Edvard Munch, one of the most important European artists, stands at the center of the main autumn exhibition of the Leopold Museum. The themes of love, fear and death dominate Munch’s oeuvre. The symbol-laden atmosphere lends many of his works an air of uncanniness. The artist’s emotional states and inner conflict manifest themselves in drastic pictorial inventions, such as in the works Angst and The Scream. Tragedy in a sexual relationship becomes clear in the painting Vampire, in which the woman with the snake-like red hair sucks out the blood of her “male victim.”
The exhibition Edvard Munch and the Uncanny contains works ranging from the late 18th century (Piranesi, Goya’s “Caprichos”) up to the early 20th century. In his 1919 essay on “The Uncanny,” Sigmund Freud was then to examine the artistic and psychological concepts that are associated with this term.
The uncanny, the inexplicable and the incomprehensible have always been topics in the visual arts (see for example Albrecht Dürer’s Knight, Death and Devil, the uncanny fantasies of Hieronymus Bosch, and Johann Heinrich Füssli’s The Nightmare). The famous “Carceri” by Giovanni Battista Piranesi, created between 1745 and 1750, impressed his 18th-century audience with their atmosphere of uncanniness and inaccessibility. Francisco de Goya’s famous etching The Sleep of Reason Brings Forth Monsters (ca. 1799) is a step into new thinking; a hundred years later, Sigmund Freud wrote the epochal work The Interpretation of Dreams. After the masterful series by Goya around 1800, it was primarily the works of the Symbolists in Germany, France, Belgium and Italy that were permeated by uncanny ideas. At the end of this long line of artists stand the figures of Edvard Munch, James Ensor and Alfred Kubin, whose works portrayed their own exaggerated fears and emotional states in artistically consummate form. A painting might not, as for example with Munch, seem so uncanny at first, but one senses subliminally the unsettledness from which it arose. Munch and others had the ability to make the hidden visible.
In his early Expressionist period (1911 and 1912), Egon Schiele created a number of unsettling, mystical paintings such as Revelation, Dead City, The Self Seer and The Hermits, a modern danse macabre.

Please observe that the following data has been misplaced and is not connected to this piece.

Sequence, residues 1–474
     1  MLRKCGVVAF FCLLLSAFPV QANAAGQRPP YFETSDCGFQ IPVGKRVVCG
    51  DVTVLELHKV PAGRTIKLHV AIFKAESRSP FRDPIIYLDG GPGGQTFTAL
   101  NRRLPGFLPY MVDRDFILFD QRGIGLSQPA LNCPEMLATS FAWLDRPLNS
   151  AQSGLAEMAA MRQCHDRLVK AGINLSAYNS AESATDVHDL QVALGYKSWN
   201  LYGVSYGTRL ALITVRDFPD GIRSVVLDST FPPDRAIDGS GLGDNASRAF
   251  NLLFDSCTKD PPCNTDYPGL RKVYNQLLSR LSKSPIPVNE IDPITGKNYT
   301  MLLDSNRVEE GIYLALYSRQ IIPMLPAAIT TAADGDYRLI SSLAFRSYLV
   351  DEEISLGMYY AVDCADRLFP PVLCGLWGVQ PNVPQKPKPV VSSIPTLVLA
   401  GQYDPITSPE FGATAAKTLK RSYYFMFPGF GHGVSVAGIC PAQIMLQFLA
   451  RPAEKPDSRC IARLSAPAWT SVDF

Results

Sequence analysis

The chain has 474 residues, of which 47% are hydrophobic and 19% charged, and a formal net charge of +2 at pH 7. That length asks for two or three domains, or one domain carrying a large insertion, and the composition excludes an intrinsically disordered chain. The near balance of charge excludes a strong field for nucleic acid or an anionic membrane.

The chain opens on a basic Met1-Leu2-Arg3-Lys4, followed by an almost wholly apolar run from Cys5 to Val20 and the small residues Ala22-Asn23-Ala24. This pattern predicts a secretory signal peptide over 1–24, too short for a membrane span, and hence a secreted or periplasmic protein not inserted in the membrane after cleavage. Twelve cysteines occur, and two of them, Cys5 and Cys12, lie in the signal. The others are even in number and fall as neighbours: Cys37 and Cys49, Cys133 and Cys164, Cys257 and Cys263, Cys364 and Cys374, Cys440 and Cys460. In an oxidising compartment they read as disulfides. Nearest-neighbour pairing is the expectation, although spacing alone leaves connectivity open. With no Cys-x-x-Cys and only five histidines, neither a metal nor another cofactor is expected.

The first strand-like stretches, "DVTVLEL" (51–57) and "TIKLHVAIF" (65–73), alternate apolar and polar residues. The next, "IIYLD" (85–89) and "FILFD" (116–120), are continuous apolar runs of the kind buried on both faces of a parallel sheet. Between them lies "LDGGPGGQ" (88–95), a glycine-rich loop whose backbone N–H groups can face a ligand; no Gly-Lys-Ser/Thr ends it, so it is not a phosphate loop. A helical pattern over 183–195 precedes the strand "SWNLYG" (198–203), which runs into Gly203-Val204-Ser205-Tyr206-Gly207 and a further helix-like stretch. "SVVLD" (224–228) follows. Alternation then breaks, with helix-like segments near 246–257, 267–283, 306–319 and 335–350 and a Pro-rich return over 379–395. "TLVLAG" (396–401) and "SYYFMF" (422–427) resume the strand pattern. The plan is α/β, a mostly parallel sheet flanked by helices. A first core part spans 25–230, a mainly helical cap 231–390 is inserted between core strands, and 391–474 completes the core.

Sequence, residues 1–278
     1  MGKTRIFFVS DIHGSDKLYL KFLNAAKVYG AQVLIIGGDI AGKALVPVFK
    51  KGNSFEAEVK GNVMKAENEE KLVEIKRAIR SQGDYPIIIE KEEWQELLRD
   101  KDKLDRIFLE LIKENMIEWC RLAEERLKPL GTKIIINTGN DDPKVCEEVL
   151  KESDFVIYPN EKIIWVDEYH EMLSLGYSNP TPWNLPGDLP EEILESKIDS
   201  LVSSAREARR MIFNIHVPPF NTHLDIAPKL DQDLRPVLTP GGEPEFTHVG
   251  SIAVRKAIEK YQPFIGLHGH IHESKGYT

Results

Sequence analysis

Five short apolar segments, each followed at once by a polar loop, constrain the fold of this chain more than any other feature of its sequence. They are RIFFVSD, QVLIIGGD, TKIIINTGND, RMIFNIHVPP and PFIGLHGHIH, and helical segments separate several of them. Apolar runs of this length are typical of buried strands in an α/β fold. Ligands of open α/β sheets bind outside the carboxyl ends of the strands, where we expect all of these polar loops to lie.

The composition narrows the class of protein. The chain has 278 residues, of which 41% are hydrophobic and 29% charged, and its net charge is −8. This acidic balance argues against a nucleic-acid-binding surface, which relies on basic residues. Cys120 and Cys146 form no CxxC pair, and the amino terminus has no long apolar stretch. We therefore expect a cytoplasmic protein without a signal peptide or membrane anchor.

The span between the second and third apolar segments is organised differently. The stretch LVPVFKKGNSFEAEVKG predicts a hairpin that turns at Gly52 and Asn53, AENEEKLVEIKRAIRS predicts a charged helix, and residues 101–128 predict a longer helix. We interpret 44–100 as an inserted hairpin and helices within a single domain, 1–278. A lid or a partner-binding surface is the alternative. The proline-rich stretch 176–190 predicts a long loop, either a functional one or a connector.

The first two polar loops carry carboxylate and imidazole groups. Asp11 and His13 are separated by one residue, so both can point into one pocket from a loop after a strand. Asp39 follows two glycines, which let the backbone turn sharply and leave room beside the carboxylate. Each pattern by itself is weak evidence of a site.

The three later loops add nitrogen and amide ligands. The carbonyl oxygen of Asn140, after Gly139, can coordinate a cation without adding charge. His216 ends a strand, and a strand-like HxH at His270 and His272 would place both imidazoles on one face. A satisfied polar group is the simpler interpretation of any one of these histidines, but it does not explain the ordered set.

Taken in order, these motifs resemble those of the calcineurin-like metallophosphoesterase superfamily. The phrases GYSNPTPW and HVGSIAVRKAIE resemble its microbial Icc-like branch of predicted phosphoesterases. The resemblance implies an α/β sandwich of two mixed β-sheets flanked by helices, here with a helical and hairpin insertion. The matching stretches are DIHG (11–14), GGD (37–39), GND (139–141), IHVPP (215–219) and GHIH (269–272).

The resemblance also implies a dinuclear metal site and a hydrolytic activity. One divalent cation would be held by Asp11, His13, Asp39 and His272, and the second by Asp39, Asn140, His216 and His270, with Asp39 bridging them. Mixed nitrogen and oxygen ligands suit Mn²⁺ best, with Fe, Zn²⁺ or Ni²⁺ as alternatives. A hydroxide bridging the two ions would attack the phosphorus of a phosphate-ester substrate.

The exhibition offers an in-depth view into the emotional abysses of artistic imaginations. These “visions of the invisible” transport us into the world of dreams (or nightmares) and ghosts, into the sphere of the occult. The depictions of various fears tell of death, loss and sexuality, or also of “evil.” “Symbols of the subconscious” can be discovered behind masks, at the end and the beginning of stairways, in mirrors and in water surfaces of indeterminate depth. The power of secret, unimaginable stories fascinated the artist in many respects. Another recurring theme is “the uncanny home”: Insecurity, fear and danger break into the seemingly secure and familiar ambience of the home.
The highlights of the exhibition include, alongside works by Edvard Munch (including Angst, Puberty, The Sick Child, Madonna and Self-Portrait in Hell), those of Belgian painter James Ensor, paintings by Arnold Böcklin and Gustave Moreau, and Cuno Amiet's triptych Hope-Caducity, a key work of symbolism.
The various connections to the literature of that period can be seen for example in Ensor’s and Kubin’s reactions to Edgar Allan Poe, or in the illustrations by Felicien Rops for Les Diaboliques by Barbey d’Aureyville. Fascinating are also the works by Fernand Khnoppf and Georges Minne based on Georges Rodenbach’s novel Bruges, the Dead City.
Alongside the Munch Museum in Oslo, which at over 30 objects is the main lender for this exhibition, other prominent lending institutions include the Musée Victor Hugo in Paris, Kunsthaus Zurich, the National Museum in Oslo, the Ghent Museum of Fine Arts, the Museum Kröller-Müller in Otterlo, the Civic Gallery of Modern and Contemporary Arts in Turin, the Städel Museum in Frankfurt and the Von der Heydt Museum in Wuppertal.
The 300-page, completely color-illustrated catalog features contributions by art historians, culture experts and psychologists focusing on various aspects of the theme: they examine the significance of the uncanny in the work of Edvard Munch and James Ensor, as well as the influence which occultism, “magnetism” and “Mesmerism” had on artists of the day. The “tipping” of the idyll into the horrifying or irritating in the works of Max Klinger is also examined, as is the special stylistic device of twilight and its meaning. Finally, the psychology of perception is drawn upon in order to shed light on the reasons why we find something to be irritating or fear-inducing or uncanny. Without question, this exhibition owes its character and importance to the great number of major, large-format works by Edvard Munch that will be presented.
On the other hand, works by James Ensor (which are seldom seen in Vienna), Alfred Kubin, Giovanni Battista Piranesi and other artists will serve to emphasize the general theme and offer a wider view of the limitless human imagination’s artistic offshoots.
But most importantly, things that are mysterious or inexplicable will always evoke curiosity and interest.